This upcoming Saturday is the Viennese Ball, a night of glitz and glamour and an opportunity for students and community members to get dressed up in their finest and spend the evening waltzing, dancing, enjoying light refreshments and just having fun.

This will be the 22nd ball that UR has hosted. Since its conception, the night really has become a staple event of the University. Having never attended this event previously, I naturally wanted to learn more about it.

“Viennese balls take place all over the country – there’s a Web site, – which includes the history of how they began,” Music Department Concert Manager Joe Hanson said. After browsing the Web site for a few minutes, I discovered in greater detail that this tradition of ours here at the University is a tradition shared by people all over the country and the world, which is really impressive. But of course, each ball is unique, and ours is no exception.

With an expected attendance of around 500 people, Wilson Commons is going to be filled with party-goers ready to get out there and show off their moves. But this is not the Wilson Commons that students are used to, inundated with smells of food from the Pit. For the event, Wilson Commons is essentially turned upside down – the lights are turned low, the tables and chairs pushed aside, and banners and other decorations are hung up throughout the building to create a special and elegant atmosphere.

“It’s the only time when Wilson Commons is shut down and transformed,” Hanson noted. “They [the University and Wilson Commons staff] don’t have to let us do that but they do, and it makes the event even more magical.”

Naturally, there’s a lot more to the Viennese Ball than just some fancy decorations. The two musical groups that will be performing are the UR Chamber Orchestra and the UR Chamber Singers, and both ensembles will entertain over the course of the evening.

The Chamber Orchestra will play waltzes from the 18th century, including the very popular “Blue Danube,” composed by Johann Strauss Jr., along with others, while the Chamber Singers will sing a piece by Brahms.

“This is the most high profile event of the music department,” Hanson said. And while the night is first and foremost an event of fun and entertainment for all who attend, he explained, “It’s [also] a fundraiser for the two ensembles and helps them when they look to record or go on tour.” So by attending and supporting the ensembles at the ball itself, you are also giving them the opportunity to perform and record outside of the University, which is an exciting prospect.

It takes months of preparation to put everything together for this event, and a number of groups help make the night a success. UR Ballroom, our very own Students’ Association-funded ballroom dancing group, held two evenings of “Waltz Crash Courses” this week in the May Room to get people psyched for the big night.

The ball itself will also feature the Botsford Ballroom Dance Team, which has attended in years past, and they will certainly show everyone what waltzing is all about.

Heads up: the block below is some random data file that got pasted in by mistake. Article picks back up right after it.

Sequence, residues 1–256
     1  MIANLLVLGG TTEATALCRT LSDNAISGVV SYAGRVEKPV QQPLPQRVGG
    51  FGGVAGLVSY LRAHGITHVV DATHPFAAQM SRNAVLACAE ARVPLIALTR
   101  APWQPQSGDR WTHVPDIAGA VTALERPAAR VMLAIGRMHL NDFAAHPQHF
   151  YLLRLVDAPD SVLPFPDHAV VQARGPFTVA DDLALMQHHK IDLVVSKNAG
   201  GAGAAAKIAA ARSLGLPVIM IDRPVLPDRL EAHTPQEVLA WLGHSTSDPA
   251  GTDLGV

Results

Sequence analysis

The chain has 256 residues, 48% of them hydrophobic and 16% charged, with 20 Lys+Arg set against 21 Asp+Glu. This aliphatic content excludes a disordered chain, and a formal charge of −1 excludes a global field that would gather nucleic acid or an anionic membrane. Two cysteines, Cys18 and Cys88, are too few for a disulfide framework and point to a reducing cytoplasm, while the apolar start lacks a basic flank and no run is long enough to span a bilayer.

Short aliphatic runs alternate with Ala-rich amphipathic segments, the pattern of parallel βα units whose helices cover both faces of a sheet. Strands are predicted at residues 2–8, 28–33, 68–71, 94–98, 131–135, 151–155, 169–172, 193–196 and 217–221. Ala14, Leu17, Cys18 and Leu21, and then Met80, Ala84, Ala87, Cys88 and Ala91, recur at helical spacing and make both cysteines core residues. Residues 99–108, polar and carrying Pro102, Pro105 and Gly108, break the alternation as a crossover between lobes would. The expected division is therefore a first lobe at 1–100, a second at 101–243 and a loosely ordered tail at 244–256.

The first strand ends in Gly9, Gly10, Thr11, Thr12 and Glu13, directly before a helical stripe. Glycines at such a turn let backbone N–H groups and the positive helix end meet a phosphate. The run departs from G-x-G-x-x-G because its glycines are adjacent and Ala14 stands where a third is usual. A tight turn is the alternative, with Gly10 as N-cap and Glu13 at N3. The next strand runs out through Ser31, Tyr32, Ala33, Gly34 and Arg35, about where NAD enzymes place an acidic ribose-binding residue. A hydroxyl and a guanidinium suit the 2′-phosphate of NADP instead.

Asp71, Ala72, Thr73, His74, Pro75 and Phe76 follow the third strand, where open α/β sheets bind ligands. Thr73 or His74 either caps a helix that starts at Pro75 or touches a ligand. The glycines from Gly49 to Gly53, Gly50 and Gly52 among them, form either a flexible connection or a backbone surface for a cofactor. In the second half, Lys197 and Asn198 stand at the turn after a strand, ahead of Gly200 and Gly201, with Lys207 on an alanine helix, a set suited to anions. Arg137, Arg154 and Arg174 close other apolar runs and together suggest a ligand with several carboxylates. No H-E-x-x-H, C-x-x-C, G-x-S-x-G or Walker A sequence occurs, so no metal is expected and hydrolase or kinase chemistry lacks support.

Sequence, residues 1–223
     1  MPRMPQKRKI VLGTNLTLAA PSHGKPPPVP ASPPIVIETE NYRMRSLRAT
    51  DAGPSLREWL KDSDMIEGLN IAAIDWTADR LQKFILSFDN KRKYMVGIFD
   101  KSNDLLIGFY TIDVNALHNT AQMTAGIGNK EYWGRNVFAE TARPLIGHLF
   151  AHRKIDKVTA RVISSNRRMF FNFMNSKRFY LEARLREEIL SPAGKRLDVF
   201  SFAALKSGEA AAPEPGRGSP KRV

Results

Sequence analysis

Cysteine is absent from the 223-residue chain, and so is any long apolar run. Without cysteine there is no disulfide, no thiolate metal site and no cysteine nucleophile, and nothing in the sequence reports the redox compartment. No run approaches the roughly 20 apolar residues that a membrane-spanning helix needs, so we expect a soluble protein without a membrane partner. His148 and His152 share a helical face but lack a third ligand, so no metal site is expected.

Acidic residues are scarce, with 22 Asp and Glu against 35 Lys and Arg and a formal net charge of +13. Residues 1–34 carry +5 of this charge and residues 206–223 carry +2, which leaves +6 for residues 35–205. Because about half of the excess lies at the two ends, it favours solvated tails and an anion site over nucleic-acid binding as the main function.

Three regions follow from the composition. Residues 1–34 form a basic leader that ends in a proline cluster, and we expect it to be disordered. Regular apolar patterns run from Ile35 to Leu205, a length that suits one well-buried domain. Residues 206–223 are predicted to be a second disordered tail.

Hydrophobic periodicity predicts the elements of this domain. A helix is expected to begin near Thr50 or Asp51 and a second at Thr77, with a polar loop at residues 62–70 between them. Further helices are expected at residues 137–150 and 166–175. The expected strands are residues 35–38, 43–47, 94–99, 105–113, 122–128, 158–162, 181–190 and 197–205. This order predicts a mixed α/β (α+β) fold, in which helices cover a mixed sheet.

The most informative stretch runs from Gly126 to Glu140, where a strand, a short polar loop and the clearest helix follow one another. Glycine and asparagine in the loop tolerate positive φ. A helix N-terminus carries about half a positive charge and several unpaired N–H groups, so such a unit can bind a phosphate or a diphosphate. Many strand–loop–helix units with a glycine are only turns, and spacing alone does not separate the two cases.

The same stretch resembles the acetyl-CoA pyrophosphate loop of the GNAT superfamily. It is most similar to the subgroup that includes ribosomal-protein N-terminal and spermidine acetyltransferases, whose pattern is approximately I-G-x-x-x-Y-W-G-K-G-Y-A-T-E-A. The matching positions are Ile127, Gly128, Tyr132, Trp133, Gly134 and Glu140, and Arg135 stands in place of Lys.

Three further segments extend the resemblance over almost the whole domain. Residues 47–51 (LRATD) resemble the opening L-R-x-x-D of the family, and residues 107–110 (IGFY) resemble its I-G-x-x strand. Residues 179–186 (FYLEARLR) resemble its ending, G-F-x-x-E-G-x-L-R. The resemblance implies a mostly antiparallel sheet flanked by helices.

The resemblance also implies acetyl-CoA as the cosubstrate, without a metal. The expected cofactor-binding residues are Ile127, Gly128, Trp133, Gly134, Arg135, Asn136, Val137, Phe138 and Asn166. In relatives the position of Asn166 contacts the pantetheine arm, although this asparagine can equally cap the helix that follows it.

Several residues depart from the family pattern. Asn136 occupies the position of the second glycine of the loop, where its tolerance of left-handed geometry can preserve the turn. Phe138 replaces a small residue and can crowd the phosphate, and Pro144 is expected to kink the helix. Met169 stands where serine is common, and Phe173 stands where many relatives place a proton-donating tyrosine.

The truth is that the evening is huge because “It’s the only campus formal event of the year – we’ve invited students from

all of UR’s graduate schools, as well as the Eastman School of Music and community members,” according to Hanson. Approximately “80 percent are of the campus community and 20 percent are ball dance lovers from the off-campus community.”

One of the key ways that the Viennese Ball keeps people coming back each year lies in its tradition, but innovation also helps bring new attendees. This year’s ball is the first that will include swing dancing, which is really exciting.

“We’re always trying to add something new to make the ball appealing for people to return year after year. During the evening, while waltzing is happening throughout Wilson Commons, the May Room will play swing recordings to mix it up,” Hanson said.

This will add to the evening’s entertainment and allow party-goers to try something new. Also new for this year, people can purchase tickets online at instead of getting them at the Common Market or at the door, which is convenient for students and will also reach out to more people in the community, allowing them to have another way of buying tickets.

The finale of the ball is the balloon drop, a yearly tradition that is a well-known end to the evening.

“At the stroke of midnight, balloons come cascading down from the top of Wilson Commons, sometimes making their way all the way down to the Pit, as chimes ring throughout the building – it’s a spectacle,” Hanson said.

While that might sound like some romantic moment that only couples could enjoy, don’t be fooled. Hanson also stressed that “It’s not a necessity to come as a couple; there’s still lots of stuff to see and do. There are door prizes from different cultural organizations, and Starbucks will be open all night, along with our refreshments.”

So, guys, brush off those tuxedos, girls pull out those fancy dresses, and come out to have a good time. Solo or not, the night will certainly not be one to miss.

Siegel is a member of the class of 2010.

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